The Odd Jobs of Literary Giants

I saw this in the latest issue of Writer’s Digest in an article by Alex Palmer, the author of Literary Miscellany: Everything You Always Wanted to Know About Literature. Many of those famous authors whose words are immortalized in literary classics did all sorts of odd jobs while they were perfecting their writing craft.

For example, meet …

Kurt Vonnegut, manager of America’s first Saab dealership

John Steinbeck, painter, fruit picker, estate caretaker and Madison Square Garden construction worker

Stephen King, high school janitor

Harper Lee, reservation clerk for Eastern Air Lines

J.D. Salinger, entertainment director on a Swedish luxury ocean liner

William S. Burroughs, exterminator

Richard Wright, letter sorter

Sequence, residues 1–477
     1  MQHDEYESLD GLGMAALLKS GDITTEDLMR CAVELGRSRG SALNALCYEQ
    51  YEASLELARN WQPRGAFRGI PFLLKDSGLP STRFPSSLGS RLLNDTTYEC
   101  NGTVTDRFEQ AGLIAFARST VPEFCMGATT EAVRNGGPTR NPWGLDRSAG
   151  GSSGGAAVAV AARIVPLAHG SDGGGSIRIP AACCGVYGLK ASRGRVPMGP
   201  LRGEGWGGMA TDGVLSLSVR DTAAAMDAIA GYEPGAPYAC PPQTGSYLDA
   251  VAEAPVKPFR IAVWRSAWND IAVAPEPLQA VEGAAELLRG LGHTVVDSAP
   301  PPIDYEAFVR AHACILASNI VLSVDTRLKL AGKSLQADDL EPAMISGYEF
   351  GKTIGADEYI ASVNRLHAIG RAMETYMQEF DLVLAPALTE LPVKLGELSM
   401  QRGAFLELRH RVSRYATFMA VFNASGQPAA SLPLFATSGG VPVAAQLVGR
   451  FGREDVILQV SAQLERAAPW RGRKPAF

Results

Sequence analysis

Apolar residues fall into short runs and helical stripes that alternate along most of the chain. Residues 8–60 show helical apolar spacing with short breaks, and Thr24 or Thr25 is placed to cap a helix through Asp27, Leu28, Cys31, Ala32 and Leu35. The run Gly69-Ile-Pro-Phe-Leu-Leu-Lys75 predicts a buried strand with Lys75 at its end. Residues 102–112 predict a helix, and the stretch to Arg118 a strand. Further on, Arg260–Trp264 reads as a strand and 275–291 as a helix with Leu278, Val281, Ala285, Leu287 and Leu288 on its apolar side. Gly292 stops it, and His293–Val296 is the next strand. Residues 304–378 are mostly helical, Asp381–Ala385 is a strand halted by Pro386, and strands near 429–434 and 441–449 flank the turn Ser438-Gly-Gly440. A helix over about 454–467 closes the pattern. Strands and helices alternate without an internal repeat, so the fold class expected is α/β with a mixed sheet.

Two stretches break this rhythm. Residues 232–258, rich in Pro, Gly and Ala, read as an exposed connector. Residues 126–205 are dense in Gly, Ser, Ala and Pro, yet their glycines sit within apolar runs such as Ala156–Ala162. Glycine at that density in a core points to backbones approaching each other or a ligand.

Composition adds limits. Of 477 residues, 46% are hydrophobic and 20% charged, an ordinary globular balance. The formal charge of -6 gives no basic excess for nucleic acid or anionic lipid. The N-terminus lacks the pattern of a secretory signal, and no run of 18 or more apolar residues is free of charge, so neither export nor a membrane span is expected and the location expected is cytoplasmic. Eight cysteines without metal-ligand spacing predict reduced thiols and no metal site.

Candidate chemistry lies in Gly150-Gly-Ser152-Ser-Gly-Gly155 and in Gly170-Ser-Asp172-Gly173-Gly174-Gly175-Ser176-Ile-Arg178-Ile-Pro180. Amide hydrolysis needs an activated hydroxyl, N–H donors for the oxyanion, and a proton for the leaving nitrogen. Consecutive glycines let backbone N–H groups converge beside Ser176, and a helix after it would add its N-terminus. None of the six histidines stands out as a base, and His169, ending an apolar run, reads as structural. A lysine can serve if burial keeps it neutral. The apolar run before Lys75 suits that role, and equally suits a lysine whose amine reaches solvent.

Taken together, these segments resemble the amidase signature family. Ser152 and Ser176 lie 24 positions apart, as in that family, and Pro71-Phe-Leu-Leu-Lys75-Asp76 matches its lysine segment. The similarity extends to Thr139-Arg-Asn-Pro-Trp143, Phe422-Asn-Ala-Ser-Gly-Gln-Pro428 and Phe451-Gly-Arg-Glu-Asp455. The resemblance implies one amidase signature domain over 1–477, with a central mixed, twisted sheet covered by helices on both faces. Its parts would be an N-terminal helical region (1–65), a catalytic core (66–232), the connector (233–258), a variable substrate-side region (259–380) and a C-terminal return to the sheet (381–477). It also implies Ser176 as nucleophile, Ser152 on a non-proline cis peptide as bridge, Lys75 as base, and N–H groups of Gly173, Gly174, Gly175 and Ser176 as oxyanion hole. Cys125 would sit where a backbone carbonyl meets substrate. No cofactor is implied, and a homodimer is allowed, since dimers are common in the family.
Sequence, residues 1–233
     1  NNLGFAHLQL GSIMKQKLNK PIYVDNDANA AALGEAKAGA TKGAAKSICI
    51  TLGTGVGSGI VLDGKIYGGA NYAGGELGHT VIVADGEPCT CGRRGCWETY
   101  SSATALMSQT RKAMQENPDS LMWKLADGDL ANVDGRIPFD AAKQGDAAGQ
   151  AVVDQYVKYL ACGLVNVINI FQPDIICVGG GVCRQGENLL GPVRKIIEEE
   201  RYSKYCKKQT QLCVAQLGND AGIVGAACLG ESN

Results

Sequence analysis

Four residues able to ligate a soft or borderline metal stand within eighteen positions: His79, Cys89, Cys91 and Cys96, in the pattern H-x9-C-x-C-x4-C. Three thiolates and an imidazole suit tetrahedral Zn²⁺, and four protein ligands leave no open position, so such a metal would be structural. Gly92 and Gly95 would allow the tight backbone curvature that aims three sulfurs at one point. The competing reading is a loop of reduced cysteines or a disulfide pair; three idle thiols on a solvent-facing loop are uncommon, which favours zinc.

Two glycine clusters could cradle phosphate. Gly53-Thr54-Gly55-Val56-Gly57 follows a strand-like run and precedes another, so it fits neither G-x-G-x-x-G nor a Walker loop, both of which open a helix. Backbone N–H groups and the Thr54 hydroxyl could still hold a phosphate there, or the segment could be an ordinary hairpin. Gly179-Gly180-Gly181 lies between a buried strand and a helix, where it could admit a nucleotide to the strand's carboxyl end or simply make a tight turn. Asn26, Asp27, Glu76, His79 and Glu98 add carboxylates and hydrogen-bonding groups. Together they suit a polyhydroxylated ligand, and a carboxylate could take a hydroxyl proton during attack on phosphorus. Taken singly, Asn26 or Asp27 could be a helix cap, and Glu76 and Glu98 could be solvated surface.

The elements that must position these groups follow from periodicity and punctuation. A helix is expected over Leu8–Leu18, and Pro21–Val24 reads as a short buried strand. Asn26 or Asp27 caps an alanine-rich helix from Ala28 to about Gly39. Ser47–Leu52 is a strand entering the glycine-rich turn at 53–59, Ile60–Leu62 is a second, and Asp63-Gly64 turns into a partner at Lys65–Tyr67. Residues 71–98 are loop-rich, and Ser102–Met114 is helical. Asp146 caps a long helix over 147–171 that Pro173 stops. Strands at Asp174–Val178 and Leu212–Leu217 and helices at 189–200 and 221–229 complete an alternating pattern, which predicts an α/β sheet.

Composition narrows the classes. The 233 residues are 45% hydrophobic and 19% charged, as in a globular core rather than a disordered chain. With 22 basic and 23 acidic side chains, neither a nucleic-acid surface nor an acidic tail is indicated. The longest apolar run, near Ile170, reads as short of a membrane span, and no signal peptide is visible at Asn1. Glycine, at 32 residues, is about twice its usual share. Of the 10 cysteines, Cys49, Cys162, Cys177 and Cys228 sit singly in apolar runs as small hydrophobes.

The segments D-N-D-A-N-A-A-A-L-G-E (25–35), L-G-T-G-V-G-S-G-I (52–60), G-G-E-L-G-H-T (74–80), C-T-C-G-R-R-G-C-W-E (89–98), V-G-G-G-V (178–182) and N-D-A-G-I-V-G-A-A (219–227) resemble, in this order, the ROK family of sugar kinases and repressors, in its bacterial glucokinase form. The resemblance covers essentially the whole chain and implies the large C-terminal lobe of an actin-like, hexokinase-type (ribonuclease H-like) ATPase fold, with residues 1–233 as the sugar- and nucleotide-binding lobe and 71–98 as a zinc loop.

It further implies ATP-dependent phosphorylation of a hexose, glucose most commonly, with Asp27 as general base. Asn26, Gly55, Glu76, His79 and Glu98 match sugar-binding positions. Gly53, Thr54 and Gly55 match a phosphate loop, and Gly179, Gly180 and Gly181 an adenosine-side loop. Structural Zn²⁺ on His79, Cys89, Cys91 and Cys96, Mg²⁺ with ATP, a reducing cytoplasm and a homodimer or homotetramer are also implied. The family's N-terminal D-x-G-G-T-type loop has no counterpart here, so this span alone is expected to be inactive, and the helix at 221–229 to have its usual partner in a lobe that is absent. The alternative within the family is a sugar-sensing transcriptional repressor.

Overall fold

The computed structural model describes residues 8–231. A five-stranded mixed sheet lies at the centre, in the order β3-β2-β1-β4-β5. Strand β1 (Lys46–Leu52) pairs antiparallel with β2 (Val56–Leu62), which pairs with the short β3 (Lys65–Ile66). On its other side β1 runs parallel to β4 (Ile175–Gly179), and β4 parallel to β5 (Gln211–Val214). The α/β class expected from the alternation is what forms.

William Faulkner, postal worker

T. S. Eliot, clerk for Lloyds Bank of London

Langston Hughes, busboy

I’m no literary giant, but I was recently asked a related question on an author questionnaire for my first book: “What was the most unusual you’ve ever held?”

Like Stephen King, I was a janitor, my first job as a teenager. I also was a recreation leader at a city park.

But here’s the answer I gave to the above question: I worked graveyard shifts heading the toy department at a large retail store during the holiday season while also attending daytime classes at San Diego State University.

What about you? What’s the oddest job you’ve held?


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